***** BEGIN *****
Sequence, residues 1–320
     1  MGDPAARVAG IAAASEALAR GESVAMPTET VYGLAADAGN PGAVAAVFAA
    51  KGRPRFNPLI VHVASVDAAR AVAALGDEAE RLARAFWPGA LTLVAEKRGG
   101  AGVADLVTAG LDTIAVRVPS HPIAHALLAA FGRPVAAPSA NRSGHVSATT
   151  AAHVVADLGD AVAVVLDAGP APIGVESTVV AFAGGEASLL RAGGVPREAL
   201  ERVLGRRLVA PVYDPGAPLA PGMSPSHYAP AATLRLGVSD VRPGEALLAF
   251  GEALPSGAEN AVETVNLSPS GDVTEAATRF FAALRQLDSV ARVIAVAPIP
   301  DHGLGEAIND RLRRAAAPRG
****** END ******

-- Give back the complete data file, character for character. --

Sequence, residues 1–320
     1  MGDPAARVAG IAAASEALAR GESVAMPTET VYGLAADAGN PGAVAAVFAA
    51  KGRPRFNPLI VHVASVDAAR AVAALGDEAE RLARAFWPGA LTLVAEKRGG
   101  AGVADLVTAG LDTIAVRVPS HPIAHALLAA FGRPVAAPSA NRSGHVSATT
   151  AAHVVADLGD AVAVVLDAGP APIGVESTVV AFAGGEASLL RAGGVPREAL
   201  ERVLGRRLVA PVYDPGAPLA PGMSPSHYAP AATLRLGVSD VRPGEALLAF
   251  GEALPSGAEN AVETVNLSPS GDVTEAATRF FAALRQLDSV ARVIAVAPIP
   301  DHGLGEAIND RLRRAAAPRG